Make sure that you read the terms of your regular maintenance carefully. If you purchased your extended warranty from a manufacturer, there are likely to be stipulations about where you can bring your car. It’s also important that you strictly stick to the schedule given to you by your provider.
Paying for Regular Maintenance
So who pays for those required maintenance costs?
Unfortunately, regular maintenance, while required, is a major gap in most extended warranty policies. You may be able to find a rare warranty that does cover routine maintenance, but it will be at a higher cost.
Otherwise, the cost of regular maintenance is out of pocket. But it’s still worth paying it so that you are in good standing with your provider when the time comes for an unexpected repair.
Routine maintenance is cost-effective in the long term, and you can lower some of the costs (if you’re concerned) by learning to do basic maintenance such as oil changes yourself.
Finding the Right Extended Warranty
When searching for the right extended warranty, you need to have an intimate understanding of your needs ahead of time. You can read some sample warranties in order to get a better idea of what to look for in the fine print, but it’s even better to know your own car at a personal level.
Here are some common kinds of cars for which you may choose to buy an extended warranty and the coverage options you should look for.
Buying a Warranty for a Used Car
One of the most common reasons to buy an extended warranty is for a used car. These cars have often expired from their factory warranty, so an extended warranty is the only option for coverage that you have. This is known as a used car extended warranty, and they come in handy when you don’t know a lot about your car’s history.
For a used car warranty, you should choose a warranty plan that includes bumper-to-bumper coverage, a high length, and roadside assistance and towing. This will help you be sure that any unforeseen issues will be covered entirely.
Even if you’re buying a new car, if it has high mileage, your best option for coverage is an extended warranty. Reputable providers may have fewer options for high-mileage vehicles, but you can still get great coverage if you go to the right third party and know what to look for.
Make sure that you find a warranty with high coverage limits (in years and miles), powertrain coverage, and some extra perks such as rental car reimbursement.
While classic cars are technically used cars, they can be difficult to find an extended warranty for. Most warranty plans can’t cover anything older than ten years. With classic cars reaching that definition at twenty-five years, you’ll need to find a special extended warranty.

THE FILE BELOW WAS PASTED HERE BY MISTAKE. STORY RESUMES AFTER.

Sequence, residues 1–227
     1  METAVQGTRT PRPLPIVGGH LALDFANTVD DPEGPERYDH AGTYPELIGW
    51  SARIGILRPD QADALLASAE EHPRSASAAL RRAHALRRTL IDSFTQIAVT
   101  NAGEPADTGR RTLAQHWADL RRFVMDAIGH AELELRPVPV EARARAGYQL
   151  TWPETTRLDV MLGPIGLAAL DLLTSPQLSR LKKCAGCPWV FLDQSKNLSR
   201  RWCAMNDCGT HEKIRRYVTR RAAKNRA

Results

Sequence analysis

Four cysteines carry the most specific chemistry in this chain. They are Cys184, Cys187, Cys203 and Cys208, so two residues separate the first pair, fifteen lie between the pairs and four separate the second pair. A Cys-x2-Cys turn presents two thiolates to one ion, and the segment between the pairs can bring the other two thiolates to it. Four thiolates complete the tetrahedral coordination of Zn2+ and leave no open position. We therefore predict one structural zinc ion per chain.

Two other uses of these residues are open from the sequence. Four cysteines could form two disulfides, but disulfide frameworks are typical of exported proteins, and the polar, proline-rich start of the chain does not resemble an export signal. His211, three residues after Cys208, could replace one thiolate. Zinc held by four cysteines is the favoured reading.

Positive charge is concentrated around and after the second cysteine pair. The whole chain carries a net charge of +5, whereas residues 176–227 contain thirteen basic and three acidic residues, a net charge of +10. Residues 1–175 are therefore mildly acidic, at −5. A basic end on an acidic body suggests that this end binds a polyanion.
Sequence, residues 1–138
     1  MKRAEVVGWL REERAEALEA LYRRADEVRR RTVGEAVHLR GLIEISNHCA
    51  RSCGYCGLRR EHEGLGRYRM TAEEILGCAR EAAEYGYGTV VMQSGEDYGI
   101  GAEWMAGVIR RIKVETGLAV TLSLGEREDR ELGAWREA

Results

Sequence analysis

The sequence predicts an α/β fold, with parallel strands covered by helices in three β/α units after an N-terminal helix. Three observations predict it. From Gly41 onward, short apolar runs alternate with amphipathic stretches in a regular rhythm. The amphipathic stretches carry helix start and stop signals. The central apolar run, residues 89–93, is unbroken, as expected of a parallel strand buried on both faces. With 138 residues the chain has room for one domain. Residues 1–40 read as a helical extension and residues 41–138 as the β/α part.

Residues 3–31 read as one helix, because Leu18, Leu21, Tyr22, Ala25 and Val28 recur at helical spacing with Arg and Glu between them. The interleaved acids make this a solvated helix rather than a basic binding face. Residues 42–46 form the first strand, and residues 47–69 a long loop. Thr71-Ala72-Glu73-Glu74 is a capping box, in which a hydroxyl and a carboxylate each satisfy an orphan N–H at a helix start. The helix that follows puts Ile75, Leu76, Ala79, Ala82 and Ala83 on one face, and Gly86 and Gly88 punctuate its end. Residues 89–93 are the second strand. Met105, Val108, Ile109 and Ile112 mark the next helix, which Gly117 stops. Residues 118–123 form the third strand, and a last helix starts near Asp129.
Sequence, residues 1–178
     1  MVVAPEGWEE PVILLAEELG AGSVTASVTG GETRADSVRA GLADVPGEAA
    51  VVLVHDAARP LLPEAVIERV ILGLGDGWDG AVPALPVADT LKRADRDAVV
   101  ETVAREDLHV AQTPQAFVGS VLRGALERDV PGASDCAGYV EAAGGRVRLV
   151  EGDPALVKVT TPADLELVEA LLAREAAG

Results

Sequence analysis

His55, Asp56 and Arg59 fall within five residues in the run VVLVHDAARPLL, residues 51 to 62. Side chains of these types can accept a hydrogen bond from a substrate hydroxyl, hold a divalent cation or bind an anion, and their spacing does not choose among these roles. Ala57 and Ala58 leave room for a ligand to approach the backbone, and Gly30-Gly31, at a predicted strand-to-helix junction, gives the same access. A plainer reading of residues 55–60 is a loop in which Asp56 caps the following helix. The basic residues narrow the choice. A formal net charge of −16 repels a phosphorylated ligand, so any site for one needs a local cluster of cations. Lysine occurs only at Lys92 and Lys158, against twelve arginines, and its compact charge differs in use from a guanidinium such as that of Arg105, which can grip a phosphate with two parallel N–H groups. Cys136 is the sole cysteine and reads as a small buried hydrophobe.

You’ll need to find a specialty provider who makes packages for classic cars. Your options will be limited, but they do exist.
There are only two things to really keep in mind when choosing a warranty for a classic car. It needs to have a high age limit and extensive powertrain coverage. You probably won’t be able to get extra perks on top of that.
Buying From the Right Place
We’ve mentioned the different places where you can purchase an extended warranty, but how do you decide whom to buy from?
In general, we recommend buying from a third-party site because they will have more options and customizations available to you. But how do you choose from among the many third-party providers out there?
If you can find a site (such as Carchex) that reviews providers, you can start by reading about providers there. Just be aware that some providers may make deals with these sites. The objective facts may be true, but don’t give too much attention to the opinions made from them.
What’s most important (whether you use a review website or not) is to consider the following:
- Your point of contact
- Variety in plans
- The reputation of the provider
- Signs of good customer service
At the end of the day, you are a valuable customer and your provider should make you feel like one. Go with your gut when talking to providers.
Making Your Final Decision on Extended Warranty for Used Cars
Using this guide, you can feel more confident in your ability to make your final decision on an extended warranty for used cars. Don’t jump into buying a warranty.
Give yourself the time to look through your options and know what’s best for your individual needs. Extended warranties are an amazing resource for saving money on your car repairs!
Still looking for a used car to buy? Check out our inventory here!